I'm trying to get some background on an idea that will see 4 figure dollars drop in the near term future to make happen, if I can get a few things nailed down for theory vs. reality, and avoiding trial and error to find some critical detail theory overlooked.



posted on Mar, 13 2014 @ 09:59 AM
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I use one for making custom cases for micro computers like the raspberry pi and adruino boards. Also handy if you want to build your own cheap SSD drives.



posted on Mar, 13 2014 @ 10:00 AM
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I Have one. There's a LOT of tinkering to be done. You may have to print a part several times before it comes out right. Every part needs different settings, and there are hundreds of settings. And they have to be perfect.

Strength of the part is not commercial grade. I print with ABS plastic and although it is a durable plastic (Same as used in legos) because it prints layer by layer, under stress the layers can pull apart.

With that said I think it's a great investment. I have printed a new knob for an old propane heater that I couldn't get anymore. Also made a comb for my hair with my name on it for probably about 10 cents worth of plastic versus getting one from the dollar General for $1. Oh also used it to prototype an invention which I raised $223,000 for in kick starter... Not that the 3d printer was crucial but it did save me money vs. Hiring a prototype company which probably would have been as expensive for the parts as I paid for the whole printer.

Long story short don't expect to be able to buy one and print anything you want instantly and easily. But it is fun to play with and can save you money and hassle in the long run. If I didn't have the 3d printer I probably would have had to throw out my propane heater. Could not get the special sized knob anywhere anymore...



posted on Mar, 13 2014 @ 10:03 AM
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reply to post by WP4YT
 


what is the smallest feature you can print?



posted on Mar, 13 2014 @ 10:06 AM
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WP4YT
I Have one. There's a LOT of tinkering to be done. You may have to print a part several times before it comes out right. Every part needs different settings, and there are hundreds of settings. And they have to be perfect.

Strength of the part is not commercial grade. I print with ABS plastic and although it is a durable plastic (Same as used in legos) because it prints layer by layer, under stress the layers can pull apart.

With that said I think it's a great investment. I have printed a new knob for an old propane heater that I couldn't get anymore. Also made a comb for my hair with my name on it for probably about 10 cents worth of plastic versus getting one from the dollar General for $1. Oh also used it to prototype an invention which I raised $223,000 for in kick starter... Not that the 3d printer was crucial but it did save me money vs. Hiring a prototype company which probably would have been as expensive for the parts as I paid for the whole printer.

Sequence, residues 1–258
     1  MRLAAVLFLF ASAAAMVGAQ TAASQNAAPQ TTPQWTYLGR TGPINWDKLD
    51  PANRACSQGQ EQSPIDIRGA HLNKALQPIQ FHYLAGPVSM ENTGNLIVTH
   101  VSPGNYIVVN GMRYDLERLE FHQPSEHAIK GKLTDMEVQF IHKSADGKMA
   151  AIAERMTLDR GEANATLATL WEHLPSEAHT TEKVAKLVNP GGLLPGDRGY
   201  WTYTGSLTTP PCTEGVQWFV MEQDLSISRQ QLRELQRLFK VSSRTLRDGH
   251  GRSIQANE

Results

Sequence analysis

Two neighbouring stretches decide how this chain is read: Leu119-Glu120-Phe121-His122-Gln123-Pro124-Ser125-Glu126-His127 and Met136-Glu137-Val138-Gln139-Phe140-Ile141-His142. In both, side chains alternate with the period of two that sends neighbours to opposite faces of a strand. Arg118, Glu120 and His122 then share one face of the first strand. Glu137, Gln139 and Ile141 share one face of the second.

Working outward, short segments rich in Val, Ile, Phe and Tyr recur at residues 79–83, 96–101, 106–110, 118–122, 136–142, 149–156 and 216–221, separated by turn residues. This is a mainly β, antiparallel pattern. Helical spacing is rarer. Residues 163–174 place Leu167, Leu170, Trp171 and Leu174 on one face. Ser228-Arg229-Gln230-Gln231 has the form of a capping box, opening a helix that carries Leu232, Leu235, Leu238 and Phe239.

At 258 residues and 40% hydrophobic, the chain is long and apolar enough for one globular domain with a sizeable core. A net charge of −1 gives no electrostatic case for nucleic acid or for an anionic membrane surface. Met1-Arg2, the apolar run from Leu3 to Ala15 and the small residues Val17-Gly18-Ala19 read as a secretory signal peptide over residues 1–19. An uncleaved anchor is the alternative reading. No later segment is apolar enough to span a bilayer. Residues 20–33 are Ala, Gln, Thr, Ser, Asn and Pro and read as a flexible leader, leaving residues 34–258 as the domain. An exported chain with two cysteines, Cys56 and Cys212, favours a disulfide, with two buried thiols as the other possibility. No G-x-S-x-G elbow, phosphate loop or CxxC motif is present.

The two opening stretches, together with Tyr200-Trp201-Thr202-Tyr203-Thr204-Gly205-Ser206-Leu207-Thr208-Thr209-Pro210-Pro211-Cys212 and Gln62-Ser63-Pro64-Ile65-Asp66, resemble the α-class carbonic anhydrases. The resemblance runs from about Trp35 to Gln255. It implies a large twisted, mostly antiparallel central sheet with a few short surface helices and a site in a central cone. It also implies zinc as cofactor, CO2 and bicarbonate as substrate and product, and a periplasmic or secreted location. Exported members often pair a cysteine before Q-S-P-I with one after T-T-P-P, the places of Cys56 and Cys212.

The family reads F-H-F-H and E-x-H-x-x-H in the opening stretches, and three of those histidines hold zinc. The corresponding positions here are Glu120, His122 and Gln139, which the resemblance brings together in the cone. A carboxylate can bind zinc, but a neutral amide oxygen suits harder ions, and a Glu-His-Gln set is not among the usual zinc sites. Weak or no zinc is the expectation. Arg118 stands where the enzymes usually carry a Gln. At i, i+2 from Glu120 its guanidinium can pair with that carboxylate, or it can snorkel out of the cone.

Long story short don't expect to be able to buy one and print anything you want instantly and easily. But it is fun to play with and can save you money and hassle in the long run. If I didn't have the 3d printer I probably would have had to throw out my propane heater. Could not get the special sized knob anywhere anymore...


Great reply, I think that's the gist of it for the average consumer like myself. I love the idea but I believe I lack the knowledge and determination to learn the knowledge on the technical side. I'll wait till Apple comes out with the IPrinter and it's user friendly and I can just draw a picture or type in what I want in a user friendly format.



posted on Mar, 13 2014 @ 10:08 AM
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reply to post by PsychoEmperor
 


Just make sure you are printing Apple approved shapes or you might find yourself in front of a judge.



posted on Mar, 13 2014 @ 10:46 AM
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reply to post by Wrabbit2000
 


I have used 3d-printing quite a bit. It can be very useful, when it comes to making casings for certain products. It depends on the machine, although on the one I used, I encountered two "problems" - time consuming (it can take hours to print out some product), as well as the accuracy was worse than predicted so different parts needed to be honed (I don´t know the exact English word for it, you can use sand-paper for doing it or some special brushes/tools. We were newbies back then though, using for the first time.

You need to also consider the cost of printing. Depending on the product, although at least currently for many things, it is cheaper buying them from the store than printing out, unless you want a really unique one. 1 kg (2 lbs) of ABS can cost over 30 dollars, so making a small thing can cost quite a bit.